Welcome back, machine learning geeks! Let’s delve deeper into our journey of mastering machine learning. In the previous article, we looked at both informal and technical definitions of machine learning.
We also looked at the two major types of machine learning algorithms, A) supervised machine learning algorithms, and B) unsupervised machine learning algorithms. We also mentioned reinforcement learning and recommender systems, but won’t spend as much time there.
Let’s jump in!
Introduction to Supervised Learning
Supervised machine learning algorithms are used when you:
- Have a set of known, correctly labeled data
- Are looking to predict a continuous value output
Let’s visualize by looking at a digital marketing example.
Perhaps we are digital marketers looking to forecast or predict how much time and effort we’ll need to spend on outreach and content promotion for a particular webpage and target ranking.
Say we’ve gathered some data about website pages with:
- Their rank for a given keyword
- The amount of unique linking domains pointing to each page
Such a distribution of data might look like the below. It demonstrates a trend, but right now, we don’t have a single linear function that will “connect all the dots”.
This is a great example for the first major subdivision of supervised machine learning algorithms:
Regression Learning Problem
Off the cuff, there are a couple of different ways in which we might try to solve this problem. Both solutions involve using the “labeled” data to predict a line of best fit, which, on the whole, minimizes the distance between the line and all the points. If we have a simple slope, predictions could be precarious at best, and misrepresentative on the other end of the spectrum.
We could also instruct our programs to fit a quadratic equation to the data (read: not a straight line.) In our slightly altered example here, the difference could be significant.
At this point in time, we won’t focus on whether we should pick a linear or quadratic line for the regression output. However, it is worth noting that the two different methods could yield widely varying results.
Say we wanted to get a webpage ranking in position 5 for this given study, a linear example would have us preparing to secure links from ~180 unique domains. If we decided on the quadratic solution, we could be looking at significantly less effort, perhaps ~125 unique linking domains?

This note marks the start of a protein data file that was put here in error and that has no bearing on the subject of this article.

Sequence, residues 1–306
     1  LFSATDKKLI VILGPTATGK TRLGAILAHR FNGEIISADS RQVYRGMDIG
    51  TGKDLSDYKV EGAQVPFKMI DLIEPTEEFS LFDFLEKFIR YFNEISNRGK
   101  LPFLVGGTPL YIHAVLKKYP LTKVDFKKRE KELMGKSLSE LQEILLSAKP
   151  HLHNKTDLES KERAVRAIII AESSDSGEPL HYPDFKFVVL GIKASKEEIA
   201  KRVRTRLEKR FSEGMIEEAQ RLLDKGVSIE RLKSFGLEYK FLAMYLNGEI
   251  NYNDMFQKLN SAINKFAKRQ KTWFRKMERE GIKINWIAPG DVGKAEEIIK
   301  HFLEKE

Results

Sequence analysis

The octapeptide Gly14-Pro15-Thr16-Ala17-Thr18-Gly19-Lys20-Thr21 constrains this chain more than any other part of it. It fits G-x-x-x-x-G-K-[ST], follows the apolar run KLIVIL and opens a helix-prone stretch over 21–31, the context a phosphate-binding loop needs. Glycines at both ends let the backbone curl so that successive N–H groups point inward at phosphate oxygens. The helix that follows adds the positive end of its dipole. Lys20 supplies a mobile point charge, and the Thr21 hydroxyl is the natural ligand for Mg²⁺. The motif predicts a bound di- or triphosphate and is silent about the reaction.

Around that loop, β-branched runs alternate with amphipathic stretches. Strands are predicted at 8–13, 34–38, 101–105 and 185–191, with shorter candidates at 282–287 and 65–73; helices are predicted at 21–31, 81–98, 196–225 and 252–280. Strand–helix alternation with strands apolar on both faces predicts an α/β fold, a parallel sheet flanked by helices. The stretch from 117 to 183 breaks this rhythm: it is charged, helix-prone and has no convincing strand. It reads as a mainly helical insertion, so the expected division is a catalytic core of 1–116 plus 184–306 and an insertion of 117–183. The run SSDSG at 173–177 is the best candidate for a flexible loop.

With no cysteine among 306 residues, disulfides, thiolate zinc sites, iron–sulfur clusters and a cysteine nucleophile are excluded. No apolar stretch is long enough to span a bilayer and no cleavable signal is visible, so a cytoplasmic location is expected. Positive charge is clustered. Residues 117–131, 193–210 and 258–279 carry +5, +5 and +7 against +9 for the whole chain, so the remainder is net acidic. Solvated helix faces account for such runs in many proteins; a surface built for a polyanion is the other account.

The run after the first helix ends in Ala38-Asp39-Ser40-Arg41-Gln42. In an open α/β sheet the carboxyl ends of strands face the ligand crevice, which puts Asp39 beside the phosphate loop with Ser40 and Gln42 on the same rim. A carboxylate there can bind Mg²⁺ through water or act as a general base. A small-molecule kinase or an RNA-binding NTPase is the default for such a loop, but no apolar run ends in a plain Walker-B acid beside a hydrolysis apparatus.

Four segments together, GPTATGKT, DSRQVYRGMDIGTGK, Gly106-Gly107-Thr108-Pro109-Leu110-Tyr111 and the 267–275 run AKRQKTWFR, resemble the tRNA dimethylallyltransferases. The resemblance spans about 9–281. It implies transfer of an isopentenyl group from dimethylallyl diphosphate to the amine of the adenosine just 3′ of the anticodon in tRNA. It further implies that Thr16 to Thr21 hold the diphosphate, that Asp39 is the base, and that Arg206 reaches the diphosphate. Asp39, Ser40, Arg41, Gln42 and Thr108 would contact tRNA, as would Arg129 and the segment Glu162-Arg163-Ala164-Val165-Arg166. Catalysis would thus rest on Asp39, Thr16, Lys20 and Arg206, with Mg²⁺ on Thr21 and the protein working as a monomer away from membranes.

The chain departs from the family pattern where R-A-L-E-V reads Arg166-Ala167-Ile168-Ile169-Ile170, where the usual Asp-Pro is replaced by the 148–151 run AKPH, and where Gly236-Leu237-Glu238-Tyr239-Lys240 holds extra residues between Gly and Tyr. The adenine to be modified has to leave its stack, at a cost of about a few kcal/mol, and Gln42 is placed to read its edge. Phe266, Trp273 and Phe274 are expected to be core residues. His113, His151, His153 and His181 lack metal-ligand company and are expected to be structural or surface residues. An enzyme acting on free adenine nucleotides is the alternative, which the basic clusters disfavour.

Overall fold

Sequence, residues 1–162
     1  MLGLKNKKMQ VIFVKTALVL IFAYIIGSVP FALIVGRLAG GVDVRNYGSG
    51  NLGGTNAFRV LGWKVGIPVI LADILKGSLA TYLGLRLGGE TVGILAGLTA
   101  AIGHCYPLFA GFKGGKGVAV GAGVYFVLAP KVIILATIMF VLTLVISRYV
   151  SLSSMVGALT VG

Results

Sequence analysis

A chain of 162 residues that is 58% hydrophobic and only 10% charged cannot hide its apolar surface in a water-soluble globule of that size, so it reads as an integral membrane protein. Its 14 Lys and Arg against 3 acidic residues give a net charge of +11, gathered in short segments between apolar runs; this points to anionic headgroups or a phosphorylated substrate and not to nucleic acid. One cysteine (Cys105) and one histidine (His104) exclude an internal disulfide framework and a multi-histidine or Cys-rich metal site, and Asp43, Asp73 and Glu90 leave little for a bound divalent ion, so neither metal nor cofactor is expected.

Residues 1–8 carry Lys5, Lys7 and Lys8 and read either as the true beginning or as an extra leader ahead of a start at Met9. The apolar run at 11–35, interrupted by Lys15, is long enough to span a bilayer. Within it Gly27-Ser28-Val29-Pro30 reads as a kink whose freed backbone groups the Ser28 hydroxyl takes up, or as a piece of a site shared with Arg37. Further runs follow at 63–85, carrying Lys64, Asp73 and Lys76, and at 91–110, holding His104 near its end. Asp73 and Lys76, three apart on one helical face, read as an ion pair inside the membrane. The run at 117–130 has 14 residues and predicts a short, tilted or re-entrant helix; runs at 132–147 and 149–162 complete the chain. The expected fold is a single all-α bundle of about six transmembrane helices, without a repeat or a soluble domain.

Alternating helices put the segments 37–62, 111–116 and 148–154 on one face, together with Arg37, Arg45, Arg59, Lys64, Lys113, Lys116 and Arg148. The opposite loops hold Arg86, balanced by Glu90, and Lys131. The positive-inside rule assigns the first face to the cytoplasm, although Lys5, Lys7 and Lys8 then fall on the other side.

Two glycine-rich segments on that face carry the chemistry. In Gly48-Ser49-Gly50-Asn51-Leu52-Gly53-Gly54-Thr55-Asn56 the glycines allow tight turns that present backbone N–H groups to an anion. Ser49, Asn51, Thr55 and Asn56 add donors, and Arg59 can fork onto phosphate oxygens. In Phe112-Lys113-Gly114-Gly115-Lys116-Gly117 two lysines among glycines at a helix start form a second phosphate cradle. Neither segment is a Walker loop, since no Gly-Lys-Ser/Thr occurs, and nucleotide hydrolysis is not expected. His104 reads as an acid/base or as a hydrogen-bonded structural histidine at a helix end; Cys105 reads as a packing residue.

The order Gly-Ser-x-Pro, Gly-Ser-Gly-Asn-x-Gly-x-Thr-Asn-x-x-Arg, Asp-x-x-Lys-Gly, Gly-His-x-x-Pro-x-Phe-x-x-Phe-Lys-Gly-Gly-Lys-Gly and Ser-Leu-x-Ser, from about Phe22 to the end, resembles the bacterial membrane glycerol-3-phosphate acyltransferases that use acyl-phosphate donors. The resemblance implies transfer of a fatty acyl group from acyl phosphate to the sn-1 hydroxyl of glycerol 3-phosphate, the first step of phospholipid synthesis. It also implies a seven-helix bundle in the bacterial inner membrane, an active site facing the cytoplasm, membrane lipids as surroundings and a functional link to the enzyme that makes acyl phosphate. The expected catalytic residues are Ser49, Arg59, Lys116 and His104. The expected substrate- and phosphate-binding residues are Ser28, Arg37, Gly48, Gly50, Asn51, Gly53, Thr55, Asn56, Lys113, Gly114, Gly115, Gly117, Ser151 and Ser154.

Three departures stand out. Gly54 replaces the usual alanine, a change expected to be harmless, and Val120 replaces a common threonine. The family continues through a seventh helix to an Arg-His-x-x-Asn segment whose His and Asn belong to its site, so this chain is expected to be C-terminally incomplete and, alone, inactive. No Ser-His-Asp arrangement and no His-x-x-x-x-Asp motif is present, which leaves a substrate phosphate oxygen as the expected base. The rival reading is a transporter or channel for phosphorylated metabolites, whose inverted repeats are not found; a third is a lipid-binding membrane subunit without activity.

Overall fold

Classification Learning Problem
Insert smooth segue here and please forgive my lazy writing at this time. 🙂
The next major subdivision of supervised machine learning algorithms is known as a classification problem. Let’s use another example.
We are analyzing a large user study of an Amazon Alexa Skill in development. Perhaps we are classifying a particular interaction with the skill by success or failure (1 or 0), and plotted against the measured spoken word count for the given interaction.
Visualized, this data might look like the below.
In this example with (shockingly 🙂 ) clean data, we might want to guide development efforts in providing the best sample phrases/interactions for the skill. Perhaps, we would want to measure the probability an interaction four (4) spoken words long will be successful. This is known as a classification learning problem.
Above, we examined only one factor in determining a probability. However, we aren’t limited to examining just one parameter.
Let’s consider the following, perhaps we are an e-commerce retailer or digital business. A frustration for many marketers is the “one and done” (self explanatory) customer that represents minimal customer lifetime value for the brand.
It would certainly behoove us to identify these customers and provide them with specialized messaging or a compelling promotion offer to keep them engaged and transacting with the brand.
Below, we could have a sample data set to which we fit a line, and thereby predict based on a certain age and AOV (average order value) profile whether a particular transaction is likely or not to be a “one and done” consumer.
In practice, we could potentially use a number of inputs to help solve machine learning problems. There are even methods to use an “unlimited” number of inputs- support vector machines. But only a tease for now!
Our first major classification of machine learning algorithms is supervised learning! In supervised learning, we assist the program by supplying the correct answers in part, and then mandating the program supply correct values via regression or classification, the two major categories of supervised machine learning problems.
Moving forward, we’ll dive deeper into one variable linear regression (dare we say the hello world of machine learning?) as well as fleshing other key concepts and methods. If you’re interested in this, you might also be interested in learning PostgreSQL, how to develop Alexa skills, or algorithmic trading. Take care.